Hong Kong pips Singapore to be ranked world’s freest economy for 23rd consecutive year
China ranks 111th while Taiwan clinches 11th place in annual index compiled by Heritage Foundation
Hong Kong has once again beat key rival Singapore to be ranked the world’s freest economy by a Washington D.C.-based think-tank for the 23rd consecutive year.
The city scored 89.8 out of 100 points in the annual index of economic freedom compiled by the right-wing Heritage Foundation over 180 economies, up by 1.2 points from last year, beating Singapore by 1.2 points and edging the island nation to second place.
North Korea was rated the least free economy, with only 4.9 points, while China was ranked 111th with 57.4 points, up 5.4 points. Taiwan clinched 11th place with 76.5 points, up 1.8 points.
Financial Secretary Paul Chan Mo-po welcomed the news on Thursday
“On top of maintaining our favourable business environment, free trade, simple and low tax regime, rule of law and independent judiciary, the government will also strive to enhance our financial infrastructure and foster closer economic cooperation with major trading partners, so as to strengthen Hong Kong’s leading position as an international city,” he said in a statement.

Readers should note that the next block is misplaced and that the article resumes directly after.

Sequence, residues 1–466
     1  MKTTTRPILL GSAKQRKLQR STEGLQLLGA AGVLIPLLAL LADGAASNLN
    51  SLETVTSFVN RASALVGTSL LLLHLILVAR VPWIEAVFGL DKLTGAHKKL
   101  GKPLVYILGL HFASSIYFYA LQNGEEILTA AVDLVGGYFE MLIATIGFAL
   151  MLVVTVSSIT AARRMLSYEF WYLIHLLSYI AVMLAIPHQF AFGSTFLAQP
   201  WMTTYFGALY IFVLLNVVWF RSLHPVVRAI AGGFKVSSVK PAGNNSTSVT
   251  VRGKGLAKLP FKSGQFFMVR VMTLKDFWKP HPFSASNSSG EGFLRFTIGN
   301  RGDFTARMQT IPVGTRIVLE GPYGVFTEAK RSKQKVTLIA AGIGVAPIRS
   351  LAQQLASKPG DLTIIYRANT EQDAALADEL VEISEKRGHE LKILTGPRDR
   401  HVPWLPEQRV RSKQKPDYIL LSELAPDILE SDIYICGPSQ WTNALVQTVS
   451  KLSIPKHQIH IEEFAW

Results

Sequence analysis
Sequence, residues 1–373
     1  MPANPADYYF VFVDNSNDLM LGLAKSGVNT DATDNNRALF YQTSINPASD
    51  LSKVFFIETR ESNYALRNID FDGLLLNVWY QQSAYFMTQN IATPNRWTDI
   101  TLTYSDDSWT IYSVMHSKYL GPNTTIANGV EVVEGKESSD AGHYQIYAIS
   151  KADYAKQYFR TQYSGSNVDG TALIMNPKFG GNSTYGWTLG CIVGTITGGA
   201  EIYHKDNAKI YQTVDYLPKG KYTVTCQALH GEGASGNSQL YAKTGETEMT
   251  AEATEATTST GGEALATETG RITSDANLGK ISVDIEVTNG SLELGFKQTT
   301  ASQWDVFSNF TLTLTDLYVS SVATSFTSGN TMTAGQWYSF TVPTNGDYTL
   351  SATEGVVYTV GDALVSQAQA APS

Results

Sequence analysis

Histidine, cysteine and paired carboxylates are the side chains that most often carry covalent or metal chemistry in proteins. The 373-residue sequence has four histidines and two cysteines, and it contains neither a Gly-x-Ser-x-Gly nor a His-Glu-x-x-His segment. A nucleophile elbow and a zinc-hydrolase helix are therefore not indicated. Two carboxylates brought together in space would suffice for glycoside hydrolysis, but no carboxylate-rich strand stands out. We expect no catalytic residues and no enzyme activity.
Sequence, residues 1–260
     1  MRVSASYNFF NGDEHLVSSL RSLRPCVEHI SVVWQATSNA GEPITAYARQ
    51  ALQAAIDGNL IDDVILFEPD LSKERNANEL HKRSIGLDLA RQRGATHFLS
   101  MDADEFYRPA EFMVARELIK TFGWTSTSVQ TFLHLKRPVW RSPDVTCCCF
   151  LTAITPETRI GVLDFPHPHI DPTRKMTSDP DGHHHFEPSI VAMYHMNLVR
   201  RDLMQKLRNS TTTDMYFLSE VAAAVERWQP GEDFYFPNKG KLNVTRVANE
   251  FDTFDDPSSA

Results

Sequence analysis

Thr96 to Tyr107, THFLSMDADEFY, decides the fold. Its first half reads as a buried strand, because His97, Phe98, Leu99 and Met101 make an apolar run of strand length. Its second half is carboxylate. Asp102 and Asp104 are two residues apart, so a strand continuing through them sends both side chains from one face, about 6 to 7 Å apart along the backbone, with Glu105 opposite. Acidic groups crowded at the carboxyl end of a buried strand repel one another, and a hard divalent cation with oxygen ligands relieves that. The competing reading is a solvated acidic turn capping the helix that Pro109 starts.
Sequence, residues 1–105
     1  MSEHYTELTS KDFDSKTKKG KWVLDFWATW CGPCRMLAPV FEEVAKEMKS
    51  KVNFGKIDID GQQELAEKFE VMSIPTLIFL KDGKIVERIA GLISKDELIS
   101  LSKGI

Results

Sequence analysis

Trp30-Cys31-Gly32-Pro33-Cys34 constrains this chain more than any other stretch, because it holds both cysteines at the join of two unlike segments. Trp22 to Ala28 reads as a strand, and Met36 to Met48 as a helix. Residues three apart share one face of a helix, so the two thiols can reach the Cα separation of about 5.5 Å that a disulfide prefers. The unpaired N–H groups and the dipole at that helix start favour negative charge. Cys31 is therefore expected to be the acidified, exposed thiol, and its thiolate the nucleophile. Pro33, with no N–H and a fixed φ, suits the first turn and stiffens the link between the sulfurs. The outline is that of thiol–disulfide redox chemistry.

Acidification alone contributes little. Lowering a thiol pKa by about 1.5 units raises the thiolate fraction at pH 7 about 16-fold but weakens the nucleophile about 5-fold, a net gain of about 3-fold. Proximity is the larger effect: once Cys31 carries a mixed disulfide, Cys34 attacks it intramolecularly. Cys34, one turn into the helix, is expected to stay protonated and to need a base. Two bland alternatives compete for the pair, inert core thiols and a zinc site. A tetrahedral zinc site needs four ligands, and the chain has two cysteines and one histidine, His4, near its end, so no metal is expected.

This year, the city’s overall score improved after two years of decline, thus widening its lead over long-time rival Singapore.
Out of the 12 components measured in the Index of Economic Freedom report, Hong Kong achieved the maximum score of 100 points in fiscal health, and 90 points or more in seven other areas, including business freedom, tax burden and property rights.
As at the end of March last year, Hong Kong’s fiscal reserves stood at HK$842.9 billion as former financial chief John Tsang Chun-wah has often been criticised for being a “miser” by tightening the public purse strings.
“Hong Kong has demonstrated a high degree of economic resilience and remains one of the world’s most competitive financial and business hubs,” the report noted.
“The high-quality legal framework, which provides effective protection of property rights and strong support for the rule of law, continues to be a cornerstone of strength for this dynamic city. There is little tolerance for corruption, and government integrity is buttressed by a high degree of transparency,” it added.
However, economist Andy Kwan Cheuk-chiu, director of the ACE Centre for Business and Economic Research said the foundation only adopted a narrow approach in assessing an economy’s fiscal health.
“The foundation only looked at the figures of an economy’s fiscal reserves. Of course Hong Kong will get full marks in this area,” he said. “But the foundation overlooked the fact that such hefty reserves were accumulated at the expense of the government’s long term commitment into our welfare, health-care and education systems that serves to narrow down the widening poverty gap.
“Hong Kong obviously doesn’t do well in distributing people’s wealth. If there is a category of income inequality Hong Kong will definitely be ranked first,” he argued.